Notice how Ornish lumps added fat, sugar and meat together, attempting to paint them as members of the same murderous gang. It’s a bit like stating that the trio of Jeffrey Dahmer, Ted Bundy and Mother Teresa were responsible for more than 50 brutal murders. That’s technically true, but Mother Teresa’s share of the carnage was zero.
But what about that increase in added fat? Did we become fatter and unhealthier by consuming more butter and lard?
Dr. Mike Eades delved into Ornish’s creative uses of food-consumption statistics in a recent post. It’s worth reading the entire post, but here’s the bottom line:
The added fats are mostly vegetable oils – the exact type the vegetarian zealots insist are better for us than animal fats. Ornish reached way back to 1950 to grab figures on meat consumption so he could make a dramatic comparison with today and thus blame meat for obesity rates that began rising … wait for it … 30 years later. Let’s back up instead to 1970, when Americans were still lean on average and not suffering from record rates of diabetes.
Meat consumption rose by 13 percent from 1970 to 2005, but mainly because we eat a lot more chicken. During that same timespan, red meat consumption dropped by 22%, egg consumption dropped by 17%, and dairy consumption dropped a wee bit. Meanwhile, grain consumption increased by 45%.
Keep those figures in mind as we continue quoting Dr. Ornish.
The debate is not as simple as low-fat versus low-carb. Research shows that animal protein may significantly increase the risk of premature mortality from all causes, among them cardiovascular disease, cancer and Type 2 diabetes.
Dr. Ornish includes a link that goes to a study I already analyzed in this post. It’s another one of those number-crunching analyses of two lousy observational studies based on food questionnaires. Other analyses of the same parent studies (The Health Professionals Follow-up Study and the Nurses’ Health Study) have consistently shown that the participants who ate the most meat and eggs were also more likely to smoke, to drink, to be overweight, etc. In other words, we’re comparing adherers vs. non-adherers, not the effects of any one food.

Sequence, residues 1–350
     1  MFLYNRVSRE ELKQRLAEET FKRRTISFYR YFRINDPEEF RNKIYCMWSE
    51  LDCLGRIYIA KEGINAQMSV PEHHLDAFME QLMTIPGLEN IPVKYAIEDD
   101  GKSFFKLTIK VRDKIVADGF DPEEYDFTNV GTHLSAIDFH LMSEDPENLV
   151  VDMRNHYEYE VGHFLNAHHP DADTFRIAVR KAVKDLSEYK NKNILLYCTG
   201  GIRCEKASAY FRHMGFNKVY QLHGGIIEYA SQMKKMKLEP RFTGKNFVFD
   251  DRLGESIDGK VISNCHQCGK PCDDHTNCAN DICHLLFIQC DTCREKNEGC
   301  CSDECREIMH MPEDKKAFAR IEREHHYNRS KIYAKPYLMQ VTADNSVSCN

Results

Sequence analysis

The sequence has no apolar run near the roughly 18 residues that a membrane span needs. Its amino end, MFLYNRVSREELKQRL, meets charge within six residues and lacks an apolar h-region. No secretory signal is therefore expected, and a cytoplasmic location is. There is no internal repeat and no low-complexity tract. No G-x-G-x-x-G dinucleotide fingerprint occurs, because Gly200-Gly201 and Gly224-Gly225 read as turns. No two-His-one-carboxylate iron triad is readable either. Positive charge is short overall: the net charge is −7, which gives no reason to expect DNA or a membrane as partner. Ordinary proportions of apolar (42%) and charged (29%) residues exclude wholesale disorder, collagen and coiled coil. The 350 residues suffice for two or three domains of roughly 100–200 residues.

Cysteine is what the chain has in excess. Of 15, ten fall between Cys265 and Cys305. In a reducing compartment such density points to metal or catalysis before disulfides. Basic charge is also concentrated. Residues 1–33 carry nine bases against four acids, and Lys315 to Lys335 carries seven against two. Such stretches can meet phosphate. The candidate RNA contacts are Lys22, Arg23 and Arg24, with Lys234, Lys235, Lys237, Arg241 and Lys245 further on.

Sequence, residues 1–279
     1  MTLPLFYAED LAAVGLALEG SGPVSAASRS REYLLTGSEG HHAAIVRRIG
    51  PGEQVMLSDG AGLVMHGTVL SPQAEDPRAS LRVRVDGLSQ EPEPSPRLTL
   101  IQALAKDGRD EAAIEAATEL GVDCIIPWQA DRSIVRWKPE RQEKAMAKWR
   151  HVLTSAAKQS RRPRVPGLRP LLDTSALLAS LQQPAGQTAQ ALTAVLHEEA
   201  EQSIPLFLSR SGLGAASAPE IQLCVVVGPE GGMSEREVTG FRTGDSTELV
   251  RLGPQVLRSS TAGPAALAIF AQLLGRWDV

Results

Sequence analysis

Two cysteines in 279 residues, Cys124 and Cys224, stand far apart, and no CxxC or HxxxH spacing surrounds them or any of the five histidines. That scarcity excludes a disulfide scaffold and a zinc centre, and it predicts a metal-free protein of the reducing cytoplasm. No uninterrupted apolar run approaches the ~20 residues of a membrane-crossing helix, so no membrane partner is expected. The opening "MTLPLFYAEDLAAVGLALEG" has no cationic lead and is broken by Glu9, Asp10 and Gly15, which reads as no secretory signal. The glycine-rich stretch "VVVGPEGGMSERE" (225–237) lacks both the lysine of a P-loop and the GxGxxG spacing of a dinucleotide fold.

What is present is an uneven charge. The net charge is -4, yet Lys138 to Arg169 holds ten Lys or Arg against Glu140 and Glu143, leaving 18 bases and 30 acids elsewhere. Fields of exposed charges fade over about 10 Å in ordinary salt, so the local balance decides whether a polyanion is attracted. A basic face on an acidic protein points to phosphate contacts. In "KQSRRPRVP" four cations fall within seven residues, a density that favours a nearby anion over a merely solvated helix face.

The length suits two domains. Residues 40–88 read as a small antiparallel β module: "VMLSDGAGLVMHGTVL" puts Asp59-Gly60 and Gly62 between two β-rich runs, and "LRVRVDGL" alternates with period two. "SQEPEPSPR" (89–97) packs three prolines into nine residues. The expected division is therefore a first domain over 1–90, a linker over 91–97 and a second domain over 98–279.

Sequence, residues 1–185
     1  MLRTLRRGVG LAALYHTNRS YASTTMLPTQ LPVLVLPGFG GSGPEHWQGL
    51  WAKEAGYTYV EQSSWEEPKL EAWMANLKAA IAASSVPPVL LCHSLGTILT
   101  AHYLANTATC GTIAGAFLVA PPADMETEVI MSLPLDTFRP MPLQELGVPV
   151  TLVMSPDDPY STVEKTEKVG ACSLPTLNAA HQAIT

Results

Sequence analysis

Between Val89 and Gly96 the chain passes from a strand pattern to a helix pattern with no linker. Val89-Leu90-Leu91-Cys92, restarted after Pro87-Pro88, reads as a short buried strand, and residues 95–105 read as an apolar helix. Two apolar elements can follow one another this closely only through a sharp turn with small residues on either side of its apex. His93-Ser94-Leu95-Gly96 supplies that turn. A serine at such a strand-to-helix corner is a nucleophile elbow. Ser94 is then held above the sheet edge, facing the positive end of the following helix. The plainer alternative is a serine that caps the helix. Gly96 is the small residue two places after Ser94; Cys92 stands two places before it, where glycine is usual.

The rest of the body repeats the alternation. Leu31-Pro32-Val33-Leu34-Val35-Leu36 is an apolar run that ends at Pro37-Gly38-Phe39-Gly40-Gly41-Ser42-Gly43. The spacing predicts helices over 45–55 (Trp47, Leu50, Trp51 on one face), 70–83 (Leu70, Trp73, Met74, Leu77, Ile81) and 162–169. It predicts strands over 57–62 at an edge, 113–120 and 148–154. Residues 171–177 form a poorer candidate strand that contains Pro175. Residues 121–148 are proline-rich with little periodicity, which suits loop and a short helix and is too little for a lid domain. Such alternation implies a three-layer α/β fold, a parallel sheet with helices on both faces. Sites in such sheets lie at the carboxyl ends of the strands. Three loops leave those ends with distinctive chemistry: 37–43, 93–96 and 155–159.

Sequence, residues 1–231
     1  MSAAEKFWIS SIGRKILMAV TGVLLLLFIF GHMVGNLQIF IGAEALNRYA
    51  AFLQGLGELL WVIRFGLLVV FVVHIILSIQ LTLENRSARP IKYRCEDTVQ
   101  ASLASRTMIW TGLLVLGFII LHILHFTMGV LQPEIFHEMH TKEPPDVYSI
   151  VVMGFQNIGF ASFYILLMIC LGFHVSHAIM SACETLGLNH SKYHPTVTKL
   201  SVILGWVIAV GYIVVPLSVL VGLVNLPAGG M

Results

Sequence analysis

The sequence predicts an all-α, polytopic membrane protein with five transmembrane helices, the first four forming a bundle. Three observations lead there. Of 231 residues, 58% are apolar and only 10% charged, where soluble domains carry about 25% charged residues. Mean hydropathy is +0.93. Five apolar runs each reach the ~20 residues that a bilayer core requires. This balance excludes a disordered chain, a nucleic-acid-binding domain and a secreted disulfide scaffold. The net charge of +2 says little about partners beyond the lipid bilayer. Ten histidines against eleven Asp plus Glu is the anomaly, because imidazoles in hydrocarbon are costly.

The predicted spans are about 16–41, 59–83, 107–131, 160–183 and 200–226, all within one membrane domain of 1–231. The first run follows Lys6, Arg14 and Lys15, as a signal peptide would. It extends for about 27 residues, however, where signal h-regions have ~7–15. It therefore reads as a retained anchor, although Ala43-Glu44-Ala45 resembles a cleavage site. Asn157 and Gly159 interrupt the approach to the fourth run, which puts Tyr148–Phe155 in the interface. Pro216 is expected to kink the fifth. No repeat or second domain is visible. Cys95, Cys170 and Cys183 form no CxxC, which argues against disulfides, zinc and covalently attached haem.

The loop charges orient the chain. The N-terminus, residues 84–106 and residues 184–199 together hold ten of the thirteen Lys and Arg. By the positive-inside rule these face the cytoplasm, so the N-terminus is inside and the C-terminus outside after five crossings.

But since Dr. Ornish apparently believes observational studies are rock-solid evidence, perhaps he can explain these results from a study of the Japanese elderly:
Nutrient intakes in 94 Japanese centenarians investigated between 1972 and 1973 showed a higher proportion of animal protein to total proteins than in contemporary average Japanese.
High intakes of milk and fats and oils had favorable effects on 10-year (1976-1986) survivorship in 422 urban residents aged 69-71.
The survivors revealed a longitudinal increase in intakes of animal foods such as eggs, milk, fish and meat over the 10 years.
I guess animal foods will kill you unless you’re Japanese, in which case they extend your life.
Back to Dr. Ornish:
Heavy consumption of saturated fat and trans fats may double the risk of developing Alzheimer’s disease.
Once again, notice how he lumps trans fats and saturated fats together. The vegetarian and vegan zealots do that all the time – well, at least now that they’ve admitted trans fats are bad. Back in the 1980s, The Guy From CSPI was pushing trans fats as a safe alternative to animal fats. Point is, trans fats and saturated fats have very different effects on your health – which Dr. Ornish chooses to ignore.
A study published last March found a 75 percent increase in premature deaths from all causes, and a 400 percent increase in deaths from cancer and Type 2 diabetes, among heavy consumers of animal protein under the age of 65 — those who got 20 percent or more of their calories from animal protein.
Dr. Ornish forgot to mention a couple a couple of facts about that study:
It’s yet another observational study based on food questionnaires and is therefore nearly worthless.
Data from the same study showed that heavy consumers of animal proteins over the age of 65 had lower mortality and lower rates of heart disease and cancer, not higher.
So if this observational study actually tells us something about the health effects of animal protein (which it doesn’t), we’d have to conclude that meat will kill you until you turn 65, but after age 65 it will save your life.
Back to the good doctor:
Low-carb, high-animal-protein diets promote heart disease via mechanisms other than just their effects on cholesterol levels. Arterial blockages may be caused by animal-protein-induced elevations in free fatty acids and insulin levels and decreased production of endothelial progenitor cells (which help keep arteries clean). Egg yolks and red meat appear to significantly increase the risk of coronary heart disease and cancer due to increased production of trimethylamine N-oxide, or TMAO, a metabolite of meat and egg yolks linked to the clogging of arteries. (Egg whites have neither cholesterol nor TMAO.)